JENNIFER FIERRO • STAFF WRITER
MARBLE FALLS — In many ways, David Schubert is already at home in his new position at Marble Falls High School.
Hired as the girls head basketball coach and athletic coordinator May 18, he has filled his office with personal items and has been talking to candidates for the Lady Mustangs coaching staff.
Schubert came to Marble Falls from Mount Pleasant’s Chapel Hill High School, a small Class 3A school, where he was the athletic director and head girls basketball coach for the past two years. While there, his girls team was 47-20 overall and 21-6 in district play, and reached the second round of the playoffs last season.
His wife, Casey, who was the volleyball coach at Chapel Hill, has taken over that position at Marble Falls. The couple has three children: ninth-grader Bryson, seventh-grader Kelvyn and fifth-grader Rielyn.
At one time, David Schubert owned an insurance company, but he eventually returned to education.
“It wasn’t my passion,” he said about insurance. “It wasn’t what God wanted me to be doing.”
He has coached just about every sport offered in a high school athletic department, including boys basketball. He said that experience allows him to build strong relationships with student-athletes, coaches, administrators, parents and fans. He also looks forward to working with the Marble Falls Middle School coaches to help grow an enthusiasm for sports that doesn’t waiver when the younger players reach high school.
Off the court, he takes his love of basketball with him. He has a close group of friends, who all have the same interest.
“We’ll throw a basketball party at my house, cook, eat and talk basketball for hours,” he said. “I’ve done clinics myself and gone to numerous coaching clinics.”
Schubert said he believes in fundamental basketball, which means players must be able to dribble, shoot and play defense. He emphasizes discipline, respect and hard work, he said, adding that if players have those three traits, it will spill over to other areas of their lives.
He said he follows the advice of former Winnsboro High School coach Buddy Hawkins, who led the Lady Raiders to 12 state tournament appearances in 21 years. That advice is to start developing players as early as the fourth grade.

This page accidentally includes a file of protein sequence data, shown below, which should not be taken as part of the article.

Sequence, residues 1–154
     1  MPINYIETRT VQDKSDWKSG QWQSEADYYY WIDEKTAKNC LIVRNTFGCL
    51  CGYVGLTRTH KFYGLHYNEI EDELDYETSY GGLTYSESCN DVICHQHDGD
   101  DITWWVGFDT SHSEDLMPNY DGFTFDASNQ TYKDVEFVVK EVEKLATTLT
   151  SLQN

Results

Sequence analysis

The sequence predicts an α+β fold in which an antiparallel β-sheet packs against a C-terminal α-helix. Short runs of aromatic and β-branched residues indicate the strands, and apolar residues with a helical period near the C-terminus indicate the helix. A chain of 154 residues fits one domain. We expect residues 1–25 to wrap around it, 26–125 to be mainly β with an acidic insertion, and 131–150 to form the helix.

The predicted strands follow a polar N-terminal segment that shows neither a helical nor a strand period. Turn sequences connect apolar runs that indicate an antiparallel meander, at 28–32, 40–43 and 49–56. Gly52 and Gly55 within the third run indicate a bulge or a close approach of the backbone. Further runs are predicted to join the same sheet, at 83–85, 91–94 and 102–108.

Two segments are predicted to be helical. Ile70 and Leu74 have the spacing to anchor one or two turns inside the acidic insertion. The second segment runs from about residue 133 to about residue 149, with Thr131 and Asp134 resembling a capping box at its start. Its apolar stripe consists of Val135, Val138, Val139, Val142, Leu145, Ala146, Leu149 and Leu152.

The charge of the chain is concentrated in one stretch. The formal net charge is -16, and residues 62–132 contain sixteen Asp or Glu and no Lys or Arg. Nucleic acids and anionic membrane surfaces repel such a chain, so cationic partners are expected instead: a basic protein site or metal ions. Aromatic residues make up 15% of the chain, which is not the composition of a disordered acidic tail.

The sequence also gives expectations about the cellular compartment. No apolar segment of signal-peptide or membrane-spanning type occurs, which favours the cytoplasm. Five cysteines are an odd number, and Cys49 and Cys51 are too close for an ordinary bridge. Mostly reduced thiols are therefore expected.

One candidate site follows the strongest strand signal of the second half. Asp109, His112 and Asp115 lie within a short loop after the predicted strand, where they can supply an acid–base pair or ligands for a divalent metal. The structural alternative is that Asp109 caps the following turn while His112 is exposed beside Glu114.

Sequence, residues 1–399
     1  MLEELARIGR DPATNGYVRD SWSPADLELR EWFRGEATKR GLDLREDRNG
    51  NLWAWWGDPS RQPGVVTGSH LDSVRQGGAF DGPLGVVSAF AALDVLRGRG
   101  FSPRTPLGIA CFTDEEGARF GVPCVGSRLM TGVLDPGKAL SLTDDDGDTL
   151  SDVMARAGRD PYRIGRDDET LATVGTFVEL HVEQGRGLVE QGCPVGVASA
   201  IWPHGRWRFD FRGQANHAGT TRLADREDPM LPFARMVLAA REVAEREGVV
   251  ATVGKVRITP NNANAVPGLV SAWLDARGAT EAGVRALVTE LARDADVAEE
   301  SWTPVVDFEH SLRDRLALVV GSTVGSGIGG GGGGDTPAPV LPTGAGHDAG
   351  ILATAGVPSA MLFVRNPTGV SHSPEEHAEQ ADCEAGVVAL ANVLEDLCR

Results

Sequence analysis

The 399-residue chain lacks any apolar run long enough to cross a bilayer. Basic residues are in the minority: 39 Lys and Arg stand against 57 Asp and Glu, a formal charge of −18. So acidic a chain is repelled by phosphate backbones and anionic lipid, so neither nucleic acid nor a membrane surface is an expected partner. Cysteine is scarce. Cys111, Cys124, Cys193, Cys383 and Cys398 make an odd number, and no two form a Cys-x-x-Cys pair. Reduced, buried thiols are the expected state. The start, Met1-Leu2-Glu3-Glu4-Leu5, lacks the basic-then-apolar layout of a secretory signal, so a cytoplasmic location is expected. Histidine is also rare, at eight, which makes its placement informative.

“As high school varsity coaches, you fine-tune the offense and the defense,” he said. “It’s my job to get involved.
“I feel like that’s my strength, to be honest,” he added. “I’m as competitive as any human being on this planet. If you teach young kids to buy in — and they will buy in and believe — success is going to happen.”
Since the school year ended in late May, several Marble Falls coaches have had open gym sessions at the high school that have drawn more than a dozen players each. The Marble Falls girls basketball team also has been playing in the Lampasas summer league on Monday evenings. Schubert has watched some of his athletes during those games.
“The exciting thing here is we’re going to be a young basketball team,” he said. “We have to develop players to be successful two and three years down the road. I’m excited about the talent. I’ve got girls I’ve seen in a couple of ballgames who can really shoot the ball well. I’ve got size. I’m looking forward to taking advantage of two or three inside players.”
Schubert said he and his wife have the same philosophy when it comes to working with people. He said he looks forward to meeting parents and fans, believing they all want to have success in sports, academics and other activities.
“We want a different atmosphere, more of a family atmosphere,” he said. “I can’t do it by myself. There’s nobody out there who can do it by themselves.”
That means fans will find the Schuberts supporting each sport during its season at all levels — even elementary. He believes his experience at a small 3A school will be beneficial as a coach at Marble Falls, which, with an enrollment of 1,125 students, is the smallest school in District 25-5A.
“Being from small schools, having to coach all those sports, gives me a knowledge of all of them, what it takes to be successful at those programs,” he said. “We’ve encouraged athletes to play multiple sports to make them multi-dimensional. We encourage diversity. Those great athletes have to play other things to help us become successful against schools with much greater numbers.”